As opiate addiction has risen, so have deaths from overdoses. There’s an antidote that can save users from an overdose, and a Cleveland court is launching an effort to get it into the hands of drug users. Ideastream’s Joanna Richards reports.
Some emergency responders and addicts’ family members have access to naloxone, the drug that counteracts an overdose from heroin and other opiates. Now, the Greater Cleveland Drug Court is distributing the drug to 33 of its defendants.
They’ll take home kits of naloxone to use in an emergency – for themselves or anyone else who might need it.
Drug Court Judge Anita Mays said she hears stories of overdoses too often. One of her court defendants recently had three friends die in a single weekend; a 21-year-old defendant said he’d lost six friends in the last year.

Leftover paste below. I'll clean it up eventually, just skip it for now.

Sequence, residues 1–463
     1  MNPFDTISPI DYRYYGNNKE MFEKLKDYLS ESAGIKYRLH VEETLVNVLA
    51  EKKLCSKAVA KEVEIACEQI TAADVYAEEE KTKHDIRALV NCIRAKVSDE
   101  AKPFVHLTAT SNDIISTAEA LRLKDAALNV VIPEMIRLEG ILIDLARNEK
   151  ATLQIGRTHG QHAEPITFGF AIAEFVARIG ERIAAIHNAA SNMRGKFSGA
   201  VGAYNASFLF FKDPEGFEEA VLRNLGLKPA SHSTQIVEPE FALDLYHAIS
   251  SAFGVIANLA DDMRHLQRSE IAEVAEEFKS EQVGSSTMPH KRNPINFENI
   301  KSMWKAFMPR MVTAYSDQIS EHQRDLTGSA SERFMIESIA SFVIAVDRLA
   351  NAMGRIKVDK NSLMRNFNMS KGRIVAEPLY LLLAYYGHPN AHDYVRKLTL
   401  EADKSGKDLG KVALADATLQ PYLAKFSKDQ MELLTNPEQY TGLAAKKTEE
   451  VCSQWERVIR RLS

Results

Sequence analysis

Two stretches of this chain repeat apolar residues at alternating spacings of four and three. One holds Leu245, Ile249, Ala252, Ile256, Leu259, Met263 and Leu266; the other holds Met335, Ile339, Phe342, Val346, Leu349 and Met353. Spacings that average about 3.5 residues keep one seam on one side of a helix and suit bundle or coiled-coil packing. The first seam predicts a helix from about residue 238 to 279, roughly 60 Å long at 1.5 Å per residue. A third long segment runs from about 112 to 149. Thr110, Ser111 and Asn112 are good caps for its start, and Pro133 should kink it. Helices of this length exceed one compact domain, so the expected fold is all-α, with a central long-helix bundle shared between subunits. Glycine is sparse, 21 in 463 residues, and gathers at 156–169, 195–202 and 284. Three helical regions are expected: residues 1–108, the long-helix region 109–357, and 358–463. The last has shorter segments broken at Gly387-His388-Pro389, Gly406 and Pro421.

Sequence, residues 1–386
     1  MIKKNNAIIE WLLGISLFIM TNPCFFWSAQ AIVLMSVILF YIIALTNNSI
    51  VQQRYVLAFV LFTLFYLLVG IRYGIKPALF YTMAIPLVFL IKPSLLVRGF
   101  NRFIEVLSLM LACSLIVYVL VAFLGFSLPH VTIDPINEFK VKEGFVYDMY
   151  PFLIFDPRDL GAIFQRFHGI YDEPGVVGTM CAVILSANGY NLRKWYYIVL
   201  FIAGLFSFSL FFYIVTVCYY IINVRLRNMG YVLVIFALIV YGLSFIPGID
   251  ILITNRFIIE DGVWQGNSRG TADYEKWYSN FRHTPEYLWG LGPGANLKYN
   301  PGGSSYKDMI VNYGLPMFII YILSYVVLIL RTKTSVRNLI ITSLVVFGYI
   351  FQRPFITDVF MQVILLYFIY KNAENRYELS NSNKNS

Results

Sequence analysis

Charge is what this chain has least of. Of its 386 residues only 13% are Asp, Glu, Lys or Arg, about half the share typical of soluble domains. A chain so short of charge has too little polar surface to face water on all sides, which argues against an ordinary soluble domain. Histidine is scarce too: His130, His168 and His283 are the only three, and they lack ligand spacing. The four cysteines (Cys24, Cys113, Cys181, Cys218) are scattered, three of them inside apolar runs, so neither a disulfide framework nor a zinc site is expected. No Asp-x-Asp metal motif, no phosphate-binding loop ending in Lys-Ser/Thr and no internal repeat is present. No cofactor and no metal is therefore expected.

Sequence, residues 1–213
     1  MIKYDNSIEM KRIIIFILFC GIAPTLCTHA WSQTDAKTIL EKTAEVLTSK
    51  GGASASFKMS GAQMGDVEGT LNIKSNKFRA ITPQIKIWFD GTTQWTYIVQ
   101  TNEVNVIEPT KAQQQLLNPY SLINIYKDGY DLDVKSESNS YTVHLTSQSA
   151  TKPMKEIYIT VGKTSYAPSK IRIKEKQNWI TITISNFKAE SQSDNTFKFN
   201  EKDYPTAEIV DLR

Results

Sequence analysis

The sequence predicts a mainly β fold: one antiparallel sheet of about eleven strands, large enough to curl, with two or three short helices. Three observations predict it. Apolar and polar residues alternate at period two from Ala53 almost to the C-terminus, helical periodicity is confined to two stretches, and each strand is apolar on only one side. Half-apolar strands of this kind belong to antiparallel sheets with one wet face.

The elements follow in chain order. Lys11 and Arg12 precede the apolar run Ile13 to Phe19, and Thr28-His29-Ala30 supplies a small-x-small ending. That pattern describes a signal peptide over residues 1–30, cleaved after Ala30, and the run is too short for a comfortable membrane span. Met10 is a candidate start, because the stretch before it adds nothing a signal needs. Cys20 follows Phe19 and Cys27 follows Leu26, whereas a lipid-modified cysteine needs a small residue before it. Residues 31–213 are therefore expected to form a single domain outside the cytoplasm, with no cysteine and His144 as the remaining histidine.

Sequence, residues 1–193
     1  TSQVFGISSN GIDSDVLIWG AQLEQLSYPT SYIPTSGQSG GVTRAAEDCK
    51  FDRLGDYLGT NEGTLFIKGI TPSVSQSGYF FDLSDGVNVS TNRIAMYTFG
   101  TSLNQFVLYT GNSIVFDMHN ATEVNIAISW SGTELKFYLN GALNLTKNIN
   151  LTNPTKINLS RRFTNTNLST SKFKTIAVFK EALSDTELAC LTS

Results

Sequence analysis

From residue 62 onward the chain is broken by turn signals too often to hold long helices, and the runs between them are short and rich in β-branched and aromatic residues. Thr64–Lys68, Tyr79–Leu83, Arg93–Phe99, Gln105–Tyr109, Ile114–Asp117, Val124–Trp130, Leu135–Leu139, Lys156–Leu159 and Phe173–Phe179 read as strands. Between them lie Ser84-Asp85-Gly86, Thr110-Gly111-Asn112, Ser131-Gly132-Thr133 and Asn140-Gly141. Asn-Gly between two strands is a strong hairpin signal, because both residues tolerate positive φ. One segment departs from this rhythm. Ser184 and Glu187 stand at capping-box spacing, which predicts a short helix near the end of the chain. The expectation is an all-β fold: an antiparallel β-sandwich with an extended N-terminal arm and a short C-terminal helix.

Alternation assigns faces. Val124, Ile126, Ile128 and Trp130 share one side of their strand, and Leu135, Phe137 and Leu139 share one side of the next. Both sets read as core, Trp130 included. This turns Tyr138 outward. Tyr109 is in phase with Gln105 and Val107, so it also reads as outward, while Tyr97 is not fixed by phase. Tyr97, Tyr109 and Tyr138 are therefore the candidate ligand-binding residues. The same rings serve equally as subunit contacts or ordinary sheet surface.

“And so, it’s such a devastating thing, and just to hear that information, we said we have to try to do something else,” Mays said.
The court has partnered with MetroHealth and other agencies to take advantage of state funding for the two-year program. The kits are going to court defendants who have relapsed and may be most at risk of an overdose. Users will have no legal repercussions for using the antidote.
Mays said she’s told participants, “This is not permission for you to use, but we understand that relapse is a part of recovery.”
Even in a program like Drug Court, which helps addicts to recover, overdoses are common, Mays said. A man about to enter the program died from an overdose just last month.
Mays says it often takes multiple efforts before users finally kick a habit for good. The court doesn’t want to see them die in the meantime.